It would be a lie to call this past week of camp easy. It would also be a lie to call this past week of camp a "good week". This week, to be completely honest was a battle. The struggle with running a youth camp with primarily high school age volunteers is that our volunteers need camp almost more than our campers do.
Most of the staff do not attend Mass regularly, willingly. Many of them only go to Confession or Adoration at camp. They come to camp each summer seeking the Lord's presence because it is one of the few places that they actually feel connected to God. They don't know how to connect to God away from camp.
And this breaks my heart.
Each Sunday at training, I have to inform the staff they are no longer the priority. That they are essentially responsible for their own spiritual well-being this week and that camp is no longer for them, but for their campers. As much as I would love to make camp into a teen retreat as well as a children's retreat, it is impossible to do so without losing sight of what camp is for; our campers. Making it a teen retreat would mean that the staff would become those being ministered to instead of being the ministers. Our teens, particularly in this diocese, are hurting for more youth ministers, more volunteers, more retreats, more opportunities to grow in their faith. Camp is volunteer opportunity for teens but our teens need people to volunteer for them.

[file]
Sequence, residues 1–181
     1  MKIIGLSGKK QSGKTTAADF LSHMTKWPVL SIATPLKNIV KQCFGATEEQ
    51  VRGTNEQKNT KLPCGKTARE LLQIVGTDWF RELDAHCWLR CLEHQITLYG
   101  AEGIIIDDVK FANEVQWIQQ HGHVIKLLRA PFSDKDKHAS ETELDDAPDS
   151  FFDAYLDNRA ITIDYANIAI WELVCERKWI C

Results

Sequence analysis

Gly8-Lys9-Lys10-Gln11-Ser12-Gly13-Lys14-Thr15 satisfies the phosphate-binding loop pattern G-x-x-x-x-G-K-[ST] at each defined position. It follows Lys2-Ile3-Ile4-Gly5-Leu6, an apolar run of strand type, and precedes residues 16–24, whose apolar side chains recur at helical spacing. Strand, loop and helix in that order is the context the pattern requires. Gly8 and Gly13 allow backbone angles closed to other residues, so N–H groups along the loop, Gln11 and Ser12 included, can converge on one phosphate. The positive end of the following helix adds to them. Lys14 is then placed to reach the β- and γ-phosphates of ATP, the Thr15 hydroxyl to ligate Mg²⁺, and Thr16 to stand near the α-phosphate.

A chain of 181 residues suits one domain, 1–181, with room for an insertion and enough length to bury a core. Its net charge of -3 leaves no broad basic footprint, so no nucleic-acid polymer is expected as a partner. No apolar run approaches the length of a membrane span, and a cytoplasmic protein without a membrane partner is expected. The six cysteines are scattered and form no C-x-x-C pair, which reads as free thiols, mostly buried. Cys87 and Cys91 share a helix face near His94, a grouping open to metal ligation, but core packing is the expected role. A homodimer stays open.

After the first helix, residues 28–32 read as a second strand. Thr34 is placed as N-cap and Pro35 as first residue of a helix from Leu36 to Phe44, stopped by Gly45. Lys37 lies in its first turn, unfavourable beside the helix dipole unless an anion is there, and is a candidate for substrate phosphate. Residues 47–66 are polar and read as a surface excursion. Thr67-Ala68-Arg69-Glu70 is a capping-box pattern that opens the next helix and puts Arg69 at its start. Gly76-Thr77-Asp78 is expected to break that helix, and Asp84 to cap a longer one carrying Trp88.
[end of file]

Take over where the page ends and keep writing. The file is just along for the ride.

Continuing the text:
And that is just the tip of the iceberg. Each week, I return for camp to a world that is tearing itself apart, refusing to see past the end of its own nose. We only see our needs, our wants, our desires. How do I teach fifteen through twenty year-olds to do that when their world does not? Their youth ministers are hit and miss, their priests are at times, unreliable, their opportunities to grow closer to God are few and few in between. How can they be good and faithful servants when those around them, that they should be learning this from, are not?
The positive that came from this week was a hot and righteous indignation at what we are teaching our teens and children. I can do better at showing our youth how to volunteer and work outside of my comfort zone. More adults can volunteer at camps, PSRs, and RCIAs. More priests can volunteer for confessions at camp, Teens Encounter Christ (TEC), and the Diocesan Youth Conference (DYC). We need volunteers, we need the Body of Christ to do what we were called to do. To be His Hands, His Lips, His Heart. We need to create the positivity in our world. Those just, pure, honorable, lovely, gracious things won't happen unless we do them.